In Germany, the years immediately following World War II call forward images of obliterated cities, hungry refugees, and ghostly monuments to Nazi crimes. The temptation of despair was hard to resist, and to contemporary observers the road toward democracy in the Western zones of occupation seemed rather uncertain. Drawing on a vast array of American, German, and other sources—diaries, photographs, newspaper articles, government reports, essays, works of fiction, and film—Werner Sollors makes visceral the experiences of defeat and liberation, homelessness and repatriation, concentration camps and denazification.
These tales reveal writers, visual artists, and filmmakers as well as common people struggling to express the sheer magnitude of the human catastrophe they witnessed. Some relied on traditional images of suffering and death, on Biblical scenes of the Flood and the Apocalypse. Others shaped the mangled, nightmarish landscape through abstract or surreal forms of art. Still others turned to irony and black humor to cope with the incongruities around them. Questions about guilt and complicity in a totalitarian country were raised by awareness of the Holocaust, making “After Dachau” a new epoch in Western history.
The Temptation of Despair is a book about coming to terms with the mid-1940s, the contradictory emotions of a defeated people—sorrow and anger, guilt and pride, despondency and resilience—as well as the ambiguities and paradoxes of Allied victory and occupation.
[A] deeply powerful book. It is a work of scholarship that intersperses critical analysis of movies, photographs, and memoirs of the period with Sollors’s own personal memories of being a frightened child, fleeing Silesia with his mother through a bombed-out and chaotic Germany in 1945… The Temptation of Despair belongs among the most distinguished German reckonings with its own past. Like Sebald, Sollors will have nothing to do with another kind of German reckoning—the lachrymose revanchism of the German right who seem so astonishingly indifferent to the sufferings they inflicted, so woundingly alive only to their own… The Temptation of Despair paints a picture of a society in ruins and a people at the edge of psychic collapse. But it is also a story of temptation overcome. The destroyed cities were rebuilt brick by brick, the refugee wanderers found homes and new lives… [A] wrenching book.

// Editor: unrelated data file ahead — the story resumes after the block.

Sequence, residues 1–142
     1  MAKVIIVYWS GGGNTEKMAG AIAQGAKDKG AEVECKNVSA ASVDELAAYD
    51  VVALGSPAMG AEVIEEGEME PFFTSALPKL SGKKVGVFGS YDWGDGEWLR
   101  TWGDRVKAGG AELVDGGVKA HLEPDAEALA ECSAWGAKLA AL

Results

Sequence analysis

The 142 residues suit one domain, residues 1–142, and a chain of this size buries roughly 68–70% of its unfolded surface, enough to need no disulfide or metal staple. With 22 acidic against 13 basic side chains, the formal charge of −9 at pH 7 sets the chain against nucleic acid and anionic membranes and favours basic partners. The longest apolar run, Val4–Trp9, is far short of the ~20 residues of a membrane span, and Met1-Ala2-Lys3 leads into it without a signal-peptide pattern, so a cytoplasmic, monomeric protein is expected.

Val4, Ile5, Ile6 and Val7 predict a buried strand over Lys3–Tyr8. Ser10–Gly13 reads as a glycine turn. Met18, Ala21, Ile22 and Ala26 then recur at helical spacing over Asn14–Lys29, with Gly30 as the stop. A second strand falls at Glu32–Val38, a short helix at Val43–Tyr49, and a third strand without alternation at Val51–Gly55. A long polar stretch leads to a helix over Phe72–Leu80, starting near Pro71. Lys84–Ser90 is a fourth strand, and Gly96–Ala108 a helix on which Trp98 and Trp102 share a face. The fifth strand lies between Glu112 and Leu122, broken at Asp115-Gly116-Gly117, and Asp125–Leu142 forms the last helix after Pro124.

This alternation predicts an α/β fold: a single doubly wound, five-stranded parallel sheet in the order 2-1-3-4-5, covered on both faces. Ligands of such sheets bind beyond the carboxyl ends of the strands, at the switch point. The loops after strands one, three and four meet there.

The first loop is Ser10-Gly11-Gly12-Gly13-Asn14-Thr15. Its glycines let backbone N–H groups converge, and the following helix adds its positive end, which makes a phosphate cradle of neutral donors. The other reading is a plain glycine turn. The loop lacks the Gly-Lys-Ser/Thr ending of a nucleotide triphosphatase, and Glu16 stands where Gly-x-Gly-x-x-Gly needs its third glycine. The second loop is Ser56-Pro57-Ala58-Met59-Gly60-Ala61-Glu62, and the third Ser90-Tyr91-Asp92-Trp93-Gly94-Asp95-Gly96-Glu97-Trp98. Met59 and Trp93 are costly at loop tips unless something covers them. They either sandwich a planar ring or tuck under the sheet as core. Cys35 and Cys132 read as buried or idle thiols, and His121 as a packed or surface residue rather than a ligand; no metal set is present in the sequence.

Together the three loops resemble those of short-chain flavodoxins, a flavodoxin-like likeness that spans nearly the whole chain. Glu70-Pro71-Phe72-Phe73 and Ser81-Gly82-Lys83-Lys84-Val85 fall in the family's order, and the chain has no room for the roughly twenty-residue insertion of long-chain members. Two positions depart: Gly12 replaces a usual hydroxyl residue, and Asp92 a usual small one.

Elegantly written and subtly argued… The Temptation of Despair is, sub rosa, an extraordinary autobiography. In his examination of the social and cultural forces evolving out of the chaos of Germany’s Stunde Null (zero hour) in April 1945, the author looks back on the culture in which his earliest childhood was embedded. And he does so from the vantage point of a lifetime spent in America’s freedom, thinking about the fates of Jews and African Americans. Sollors’s portrait of 1945–48 Germany, like Proust’s portrait of Paris, is filtered through a sophisticated mind shaped for decades by forces antithetical to those at work on the minds of his subjects. As a consequence, Sollors’s book is not a portrait of the unsavory German reality between 1945 and 1948 (just as Recherche is not a portrait of Paris between 1871 and 1916) but the portrait of an Americanized mind in motion trying to retrieve a lost time. It is the intensity, subtlety, and suppleness of that mind that makes The Temptation of Despair a great book.
[Sollors’s] new book returns fascinatingly to the ruined landscape of his childhood. He argues that we’re wrong to see the Allied occupation as a prelude to the West German economic miracle. The occupation is often remembered as the moment when young Germans took to jazz and, like Sollors, aped the casual manner of the American soldiers posted in their country, but it was primarily a time of hunger and misery, as the Germans burrowed into ruins, or joined crowds of ragged [Displaced Persons] trekking across the country.
[A] marvelous new work on World War II–era Germany… This book [is] one of those rarities in academia: a volume that is the product of excellent scholarship, as well as deep introspection.
Anyone who reads this book will gain an important understanding of the few crucial years between Germany’s defeat and its emergence as a free country.
Another Age of Lead: Germany’s immediate post-war years. If there were such a thing as Pandora’s coffin, this book would be its unearthing and opening.
As a child Sollors was carried in his mother’s arms across war-torn Germany, played in the ruins, and witnessed the Auschwitz Trials. Now he turns his gaze to the culture that came out of World War II—film director Billy Wilder, photographer Fred Kochmann, and the bestselling A Woman in Berlin, to name just a few. The Temptation of Despair tells fascinating stories of the unfathomable odyssey that is Germany after Hitler and the Holocaust.
With attentive honesty and scrupulous openness, Sollors captures the utter untowardness of times and things in the making. The result is a complex pleasure—brave, broad, bracing, hugely intelligent, and unfailingly fresh.
- 400 pages
- 6-1/8 x 9-1/4 inches
- Belknap Press
From this author
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